Who Will Save These Dying Italian Towns about small rural towns across Italy threatened by depopulation, poverty, and sometimes by being on top of a massive hill. The answer to the question (‘who will save them?’) is probably tourism, as it turns out, because they’re frequently stunning.
I do prefer the approach taken with Sutera though, which “in 2013, at the behest of its mayor, the town opened its doors — and its empty houses — to survivors of the catastrophic Lampedusa shipwreck”. Love this:
Sutera’s population had dwindled from 5,000 in 1970 to just 1,500, and the mayor recognized the humanitarian and economic opportunity the migrants could provide for his moribund town. To help the refugees, most of whom are from sub-Saharan Africa, integrate into the community, they are paired with local families, and required to take Italian lessons, given to them by the town’s citizens. (The European Union provides funding for food, clothing and housing, which can spur the creation of jobs for both migrants and locals.) Initially, there was some resistance, but that has disappeared with the energy these newcomers have brought to the area. Today, one can find young Nigerians taking their morning espresso alongside the old men, and local children kicking soccer balls in the street with their new playmates. And each summer the town hosts a daylong festival featuring the traditional food, music and dance of the immigrants.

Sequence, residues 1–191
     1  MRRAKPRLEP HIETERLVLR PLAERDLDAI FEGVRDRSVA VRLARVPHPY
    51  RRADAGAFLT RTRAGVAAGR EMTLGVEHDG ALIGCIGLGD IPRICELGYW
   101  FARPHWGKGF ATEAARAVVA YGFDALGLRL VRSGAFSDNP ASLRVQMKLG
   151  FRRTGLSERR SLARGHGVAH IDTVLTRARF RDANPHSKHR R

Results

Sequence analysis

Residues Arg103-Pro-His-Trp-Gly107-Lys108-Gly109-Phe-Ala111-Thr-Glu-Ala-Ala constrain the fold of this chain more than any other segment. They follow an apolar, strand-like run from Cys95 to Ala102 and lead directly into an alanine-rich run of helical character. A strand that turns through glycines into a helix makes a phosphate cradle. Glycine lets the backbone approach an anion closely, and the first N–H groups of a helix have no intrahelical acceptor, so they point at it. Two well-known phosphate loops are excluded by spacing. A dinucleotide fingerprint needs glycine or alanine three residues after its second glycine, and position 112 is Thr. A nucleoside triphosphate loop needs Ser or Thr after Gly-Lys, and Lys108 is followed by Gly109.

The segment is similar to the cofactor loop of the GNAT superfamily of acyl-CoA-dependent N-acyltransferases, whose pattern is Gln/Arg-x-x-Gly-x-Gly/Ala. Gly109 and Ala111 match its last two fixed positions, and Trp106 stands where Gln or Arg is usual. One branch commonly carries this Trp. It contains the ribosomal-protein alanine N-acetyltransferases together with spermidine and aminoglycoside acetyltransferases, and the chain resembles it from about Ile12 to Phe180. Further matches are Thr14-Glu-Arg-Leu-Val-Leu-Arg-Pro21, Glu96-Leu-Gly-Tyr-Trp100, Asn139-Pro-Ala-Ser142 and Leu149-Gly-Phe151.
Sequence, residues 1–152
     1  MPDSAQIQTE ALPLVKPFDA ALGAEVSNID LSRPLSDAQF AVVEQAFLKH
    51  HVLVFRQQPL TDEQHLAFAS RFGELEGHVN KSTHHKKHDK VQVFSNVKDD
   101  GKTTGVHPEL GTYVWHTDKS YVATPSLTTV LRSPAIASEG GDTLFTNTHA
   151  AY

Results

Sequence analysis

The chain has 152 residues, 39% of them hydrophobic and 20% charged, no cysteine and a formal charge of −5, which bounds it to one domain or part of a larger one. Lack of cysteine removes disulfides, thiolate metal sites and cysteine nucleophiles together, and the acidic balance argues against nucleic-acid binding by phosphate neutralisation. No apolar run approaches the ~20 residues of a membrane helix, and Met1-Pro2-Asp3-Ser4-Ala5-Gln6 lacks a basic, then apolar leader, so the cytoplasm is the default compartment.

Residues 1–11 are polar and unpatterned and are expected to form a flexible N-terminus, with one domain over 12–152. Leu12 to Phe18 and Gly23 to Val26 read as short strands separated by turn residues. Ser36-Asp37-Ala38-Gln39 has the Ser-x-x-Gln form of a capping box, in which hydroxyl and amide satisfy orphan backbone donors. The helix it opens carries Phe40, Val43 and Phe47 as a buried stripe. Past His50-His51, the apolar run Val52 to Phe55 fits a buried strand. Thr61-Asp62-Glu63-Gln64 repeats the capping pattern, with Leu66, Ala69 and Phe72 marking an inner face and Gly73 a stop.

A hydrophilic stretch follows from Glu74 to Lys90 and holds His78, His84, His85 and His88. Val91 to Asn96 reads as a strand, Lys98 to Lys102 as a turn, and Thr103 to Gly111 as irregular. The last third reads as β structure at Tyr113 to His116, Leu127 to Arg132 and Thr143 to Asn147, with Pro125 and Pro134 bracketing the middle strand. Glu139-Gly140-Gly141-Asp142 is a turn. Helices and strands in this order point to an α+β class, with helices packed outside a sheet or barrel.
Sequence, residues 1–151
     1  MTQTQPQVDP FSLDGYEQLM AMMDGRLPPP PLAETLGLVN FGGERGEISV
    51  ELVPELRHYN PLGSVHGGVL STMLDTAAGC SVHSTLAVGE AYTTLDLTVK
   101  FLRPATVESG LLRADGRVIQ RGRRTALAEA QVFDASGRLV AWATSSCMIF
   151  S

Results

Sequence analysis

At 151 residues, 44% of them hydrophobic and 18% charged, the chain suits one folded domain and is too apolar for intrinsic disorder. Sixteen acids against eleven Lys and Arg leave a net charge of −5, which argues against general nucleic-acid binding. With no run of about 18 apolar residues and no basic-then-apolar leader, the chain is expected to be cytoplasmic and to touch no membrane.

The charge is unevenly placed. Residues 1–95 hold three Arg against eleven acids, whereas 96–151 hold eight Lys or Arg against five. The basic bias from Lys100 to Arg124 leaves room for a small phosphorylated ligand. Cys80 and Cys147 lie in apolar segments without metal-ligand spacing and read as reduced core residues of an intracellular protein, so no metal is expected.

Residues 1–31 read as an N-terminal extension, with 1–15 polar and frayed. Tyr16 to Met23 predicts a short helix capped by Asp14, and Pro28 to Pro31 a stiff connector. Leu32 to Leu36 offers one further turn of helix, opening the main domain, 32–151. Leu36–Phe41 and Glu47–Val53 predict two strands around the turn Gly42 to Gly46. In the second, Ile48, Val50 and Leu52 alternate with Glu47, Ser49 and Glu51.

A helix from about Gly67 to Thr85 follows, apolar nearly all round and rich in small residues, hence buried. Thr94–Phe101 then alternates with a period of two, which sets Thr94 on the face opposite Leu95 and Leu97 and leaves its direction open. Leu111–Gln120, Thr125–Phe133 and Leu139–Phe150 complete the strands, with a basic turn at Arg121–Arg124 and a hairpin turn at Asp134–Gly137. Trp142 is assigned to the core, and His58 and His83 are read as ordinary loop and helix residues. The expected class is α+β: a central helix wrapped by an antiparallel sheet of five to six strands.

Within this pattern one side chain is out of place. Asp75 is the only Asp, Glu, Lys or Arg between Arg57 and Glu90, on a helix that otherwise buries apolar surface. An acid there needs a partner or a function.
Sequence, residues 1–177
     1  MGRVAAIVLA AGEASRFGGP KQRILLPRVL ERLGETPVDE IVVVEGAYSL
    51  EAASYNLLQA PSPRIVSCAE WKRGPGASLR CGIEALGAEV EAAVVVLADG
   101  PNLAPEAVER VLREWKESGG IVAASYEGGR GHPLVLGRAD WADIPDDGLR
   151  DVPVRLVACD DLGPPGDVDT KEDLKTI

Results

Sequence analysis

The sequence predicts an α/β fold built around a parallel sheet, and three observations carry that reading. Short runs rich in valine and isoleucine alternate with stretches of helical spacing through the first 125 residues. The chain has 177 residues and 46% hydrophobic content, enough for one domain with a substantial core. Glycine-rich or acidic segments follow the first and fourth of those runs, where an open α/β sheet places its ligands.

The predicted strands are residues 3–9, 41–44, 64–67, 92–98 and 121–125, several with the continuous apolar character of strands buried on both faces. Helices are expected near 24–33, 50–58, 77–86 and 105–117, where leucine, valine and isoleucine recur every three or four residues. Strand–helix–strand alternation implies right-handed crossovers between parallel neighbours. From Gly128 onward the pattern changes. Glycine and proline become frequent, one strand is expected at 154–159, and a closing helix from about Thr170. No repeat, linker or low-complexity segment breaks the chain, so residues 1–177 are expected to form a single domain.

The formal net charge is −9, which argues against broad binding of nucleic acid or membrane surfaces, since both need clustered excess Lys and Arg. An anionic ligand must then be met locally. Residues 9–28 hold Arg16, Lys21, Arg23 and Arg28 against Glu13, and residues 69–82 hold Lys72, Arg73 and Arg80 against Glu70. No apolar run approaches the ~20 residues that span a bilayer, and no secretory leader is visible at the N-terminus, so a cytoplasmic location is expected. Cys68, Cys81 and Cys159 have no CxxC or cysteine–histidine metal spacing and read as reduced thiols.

This post on ‘House Address “Twins” Proximity‘ by Paul Plowman (and the comments) about his quest to find houses with matching addresses nearby. It sounds a little dry now that I’ve tried to explain it in a sentence, but it’s a fun read.
A little thing to visualise data from the NASA Near Earth Object Web Service API. I call it: ‘asteroid locator‘. You pass in a particular date, and it’ll show you all the objects [that NASA count as ‘near Earth’ and have logged] in space on that day.
The Fundamentals of Caring. Very much enjoyed it. All the feels.